Adam Smith once wisely remarked that “there is a great deal of ruin in a nation.” There is much less room for ruin in a city, as Portland, San Francisco and Seattle have proved in recent years, and Detroit, Memphis and Gary, did even earlier. Now, Chicago has decided to join that dismal parade.
The Windy City was already marching toward the abyss under its outgoing mayor, Lori Lightfoot. She was elected four years ago with over three-quarters of the vote. This year, she got so few votes in the first primary (about one sixth) that she was eliminated from the runoff. That second election, held on Tuesday, pitted Brandon Johnson, an African-American organizer for the powerful Chicago Teachers Union, against Paul Vallas, a Greek American who had led several major school systems around the country. Vallas’s résumé was far more impressive than his achievements in those jobs. His bumbling campaign against Johnson revealed those shortcomings once again.
These ethnic markers — a black candidate versus a white one — are important in American urban politics, where political organizations are often formed around neighborhoods, ethnicities and race. One striking feature of the late Chicago election was the complete absence of the Irish Americans. For a century, they had led the city’s political machine, handing out subordinate positions and lucrative patronage jobs to allies in various ethnic and racial communities. Those days are long gone, destroyed by the city’s changing demographics and federal court rulings that killed the old patronage machine.
The remnants of that machine are entangled in criminal indictments; the old leaders spend their days consulting with defense lawyers. The longtime leader of the Chicago City Council, Eddie Burke, is fighting major federal charges of corruption. Some of his allies have already flipped and given prosecutors recordings of incriminating conversations. Burke’s counterpart in the state legislature, the nation’s longest-serving house speaker, Mike Madigan, was forced to resign his position when the feds leveled corruption charges against him. You can see why cynical locals say, “Where our elected officials make your license plates.”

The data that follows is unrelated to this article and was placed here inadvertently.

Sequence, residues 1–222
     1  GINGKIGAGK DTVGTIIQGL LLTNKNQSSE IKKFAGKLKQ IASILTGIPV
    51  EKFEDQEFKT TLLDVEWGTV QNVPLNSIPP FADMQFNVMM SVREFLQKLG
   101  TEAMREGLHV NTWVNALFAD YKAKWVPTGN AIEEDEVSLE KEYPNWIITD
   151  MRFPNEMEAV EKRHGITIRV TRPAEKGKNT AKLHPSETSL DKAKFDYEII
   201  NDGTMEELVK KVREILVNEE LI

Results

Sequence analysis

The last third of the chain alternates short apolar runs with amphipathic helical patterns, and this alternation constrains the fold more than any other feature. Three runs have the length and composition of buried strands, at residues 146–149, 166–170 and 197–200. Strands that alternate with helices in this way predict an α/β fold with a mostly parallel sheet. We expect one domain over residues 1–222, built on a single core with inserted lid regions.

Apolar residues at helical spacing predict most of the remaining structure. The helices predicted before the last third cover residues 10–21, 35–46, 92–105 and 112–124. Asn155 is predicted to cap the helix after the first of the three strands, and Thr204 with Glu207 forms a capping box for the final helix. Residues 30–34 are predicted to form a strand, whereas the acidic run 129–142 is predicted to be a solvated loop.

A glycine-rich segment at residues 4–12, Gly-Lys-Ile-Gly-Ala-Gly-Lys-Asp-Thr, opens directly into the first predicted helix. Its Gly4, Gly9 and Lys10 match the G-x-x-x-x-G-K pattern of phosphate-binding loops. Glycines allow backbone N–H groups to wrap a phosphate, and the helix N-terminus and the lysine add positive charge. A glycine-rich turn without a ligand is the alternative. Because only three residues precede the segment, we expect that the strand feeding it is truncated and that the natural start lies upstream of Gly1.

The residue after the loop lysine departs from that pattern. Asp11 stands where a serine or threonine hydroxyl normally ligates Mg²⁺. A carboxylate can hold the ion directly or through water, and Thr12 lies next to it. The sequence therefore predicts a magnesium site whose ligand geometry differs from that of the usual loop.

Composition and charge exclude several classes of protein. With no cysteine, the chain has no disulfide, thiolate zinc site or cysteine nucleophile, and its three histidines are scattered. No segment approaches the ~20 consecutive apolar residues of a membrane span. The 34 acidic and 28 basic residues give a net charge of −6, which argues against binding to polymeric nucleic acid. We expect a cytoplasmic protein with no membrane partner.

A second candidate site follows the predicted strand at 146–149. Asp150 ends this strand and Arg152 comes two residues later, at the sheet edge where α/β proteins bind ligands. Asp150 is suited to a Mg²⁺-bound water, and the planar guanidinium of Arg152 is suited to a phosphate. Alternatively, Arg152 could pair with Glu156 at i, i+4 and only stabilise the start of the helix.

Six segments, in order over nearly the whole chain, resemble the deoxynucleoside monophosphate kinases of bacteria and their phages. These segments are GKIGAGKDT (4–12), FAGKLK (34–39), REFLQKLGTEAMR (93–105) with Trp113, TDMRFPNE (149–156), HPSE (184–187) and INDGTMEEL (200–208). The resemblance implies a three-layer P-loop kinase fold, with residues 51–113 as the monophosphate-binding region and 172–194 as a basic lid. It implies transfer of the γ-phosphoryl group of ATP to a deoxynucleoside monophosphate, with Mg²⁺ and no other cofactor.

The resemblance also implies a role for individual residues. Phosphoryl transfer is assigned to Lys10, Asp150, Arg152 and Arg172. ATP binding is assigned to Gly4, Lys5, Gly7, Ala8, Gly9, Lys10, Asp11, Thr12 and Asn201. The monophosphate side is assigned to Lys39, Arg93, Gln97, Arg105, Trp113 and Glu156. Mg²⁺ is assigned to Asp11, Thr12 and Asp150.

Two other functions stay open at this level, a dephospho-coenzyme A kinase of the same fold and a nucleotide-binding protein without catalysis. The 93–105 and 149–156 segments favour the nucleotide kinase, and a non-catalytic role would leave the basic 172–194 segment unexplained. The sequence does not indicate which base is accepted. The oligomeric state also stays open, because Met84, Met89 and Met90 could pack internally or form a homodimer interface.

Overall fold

The corruption suffusing the latest Chicago mayoral election was perfectly legal and hiding in plain sight. Virtually all of Brandon Johnson’s funding and his legions of campaign workers came from the Chicago Teachers Union, plus several other public-sector unions. Those union friends went door-to-door singing his praises and putting up campaign signs all over town. It was a very effective strategy.
Such assistance from public-sector unions is legal, but why is it corrupt in a larger sense? Because public-sector unions are fundamentally different from private-sector ones. They help elect the very officials who will, in turn, reward them with favorable contracts. That’s not true in the private sector, where union negotiators sit on the other side of the table from management. They have some common interests, of course, which become the basis for new contracts. But the two sides are basically at odds over wages and working conditions. And, of course, unions have no say in choosing the corporate management that will negotiate with them.
It’s not just that public-sector unions feed from the public trough. They also help choose the people who will negotiate with them. Those elected officials know who put them there. That means Brandon Johnson won’t be sitting on the opposite side of the table from the CTU or other Chicago city unions. He’ll be sitting on the same side. That’s partly because he shares their left-wing ideology. But even more, it’s because he owes his election to their dollars and hard work. They picked him and helped get him over the finish line. His chances of reelection depend on their continued support. Not surprisingly, they expect him to deliver what they want. His only constraint is the city’s overstretched budget.
The one union that staunchly opposed Johnson was the Chicago police. Their support for Vallas presents exactly the same problems as the CTU’s support for Johnson, though the CTU was far more effective in practice. Why did the police favor Vallas? Because Johnson was a vocal support of the “defund the police” movement at its apex (the aftermath of the George Floyd killing and another in Chicago that rightly received lots of local attention). Johnson downplayed those positions in the latest contest, but it was clear that he wants much tighter constraints on policing and much more lenient treatment of accused criminals. Although Chicago voters overwhelmingly told pollsters that crime was their leading issue, they voted for Johnson and will have to live with the results.
Johnson represents a clear victory for the Alexandria Ocasio-Cortez wing of the Democratic Party and for the role of public-sector unions within it. The national implications are clear. And the implications for those who live in Chicago are huge.